Looking at dental tartar

The teeth in our mouths are prone to the build-up of a bacterial biofilm which we call ‘dental plaque’ or ‘tartar’. Today this is usually removed by brushing or by a hygienist when we go to the dentist. This plaque can mineralise and harden to form ‘calculus’ and, in doing so, traps a variety of debris ranging from foodstuffs to pollen, as well as bacteria and human proteins.

Archaeologists can extract and identify this debris in order to learn about an individual’s environment, health and diet. The Palace Green men were one of the first post-medieval populations to be analysed using these cutting-edge techniques. Lisa Mackenzie, Anita Radini and Camilla Speller undertook the work at the University of York (UK).

Photograph showing heavy deposits of calculus or mineralised dental plaque on the lower left teeth of Skeleton 22 Heavy deposits of calculus or mineralised dental plaque (a) on the lower left teeth of Skeleton 22 suggesting any oral hygiene practiced was ineffective. His second molar tooth had a large cavity (b) with an associated fracture (c) © Anwen Caffell, Durham University

All the men from Palace Green had tartar on their teeth. Starch granules identified as wheat, barley and rye and heavily boiled vegetables, perhaps cabbage or kale, are evidence for the eating of cereals and leafy greens (plant leaves eaten as vegetables). Soil, probably from poorly washed food, was also present, as well as microscopic particles of charcoal and soot. These individuals were probably exposed to smoky environments but burnt debris could also have entered their mouths if they smoked tobacco in clay pipes and even if they ate well-roasted food.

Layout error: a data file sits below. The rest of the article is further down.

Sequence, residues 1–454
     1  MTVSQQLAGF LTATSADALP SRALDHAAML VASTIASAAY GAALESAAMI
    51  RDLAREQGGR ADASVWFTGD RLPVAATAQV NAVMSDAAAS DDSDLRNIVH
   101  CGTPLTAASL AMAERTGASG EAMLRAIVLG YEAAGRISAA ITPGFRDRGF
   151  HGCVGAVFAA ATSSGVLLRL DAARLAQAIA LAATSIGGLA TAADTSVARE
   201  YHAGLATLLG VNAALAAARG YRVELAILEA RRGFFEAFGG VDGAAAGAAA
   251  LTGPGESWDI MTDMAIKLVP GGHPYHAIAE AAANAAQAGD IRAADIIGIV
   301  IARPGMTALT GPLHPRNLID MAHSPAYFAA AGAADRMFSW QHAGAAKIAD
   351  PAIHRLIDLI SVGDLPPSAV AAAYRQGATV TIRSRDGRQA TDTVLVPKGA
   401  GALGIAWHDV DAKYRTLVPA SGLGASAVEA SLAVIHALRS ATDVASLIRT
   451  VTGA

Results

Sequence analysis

Dental tartar is rich in ancient biomolecules. The majority of the preserved DNA and proteins derive from ancient bacteria, principally plaque-forming bacteria found in the mouth. Even a healthy mouth can host a number of pathogenic (disease-causing) species. In the case of the Palace Green men, a number of bacteria were identified, including those found in gum disease, as well as some infections that take advantage of abnormal conditions and sometimes result in respiratory conditions.

Photos showing: Lisa Mackenzie analysing microscopic particles; heavily boiled plant epidermis; damaged starch granules; traces of microcharcoal or soot in dental calculus Lisa Mackenzie analysing microscopic particles (top left); heavily boiled plant epidermis (top right); damaged starch granules, Triticeae tribe (bottom left); traces of microcharcoal or soot in dental calculus (bottom right) © Lisa Mackenzie, The University of York

Using advanced chemical analyses, ancient food proteins trapped in the tartar can also be identified, albeit at low frequencies. In this case the food proteins confirmed the consumption of cereals and leafy greens, specifically identifying proteins from oat and wheat, as well as brassica species (vegetables of the cabbage family). Uniquely, the protein analysis also identified the consumption of milk products, which can be difficult to confirm using other lines of archaeological evidence.

Finally, dental plaque also contains minute quantities of the human host’s DNA. Using advanced DNA sequencing technologies, it is possible to recover this genetic information and use it to determine the sex of the skeletons as male or female. The ancient genetic analysis of the Palace Green individuals confirmed that all those with sufficiently preserved DNA in their dental tartar were indeed male.

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Archaeology and the Battle of Dunbar 1650: From the Scottish Battlefield to the New World

Durham University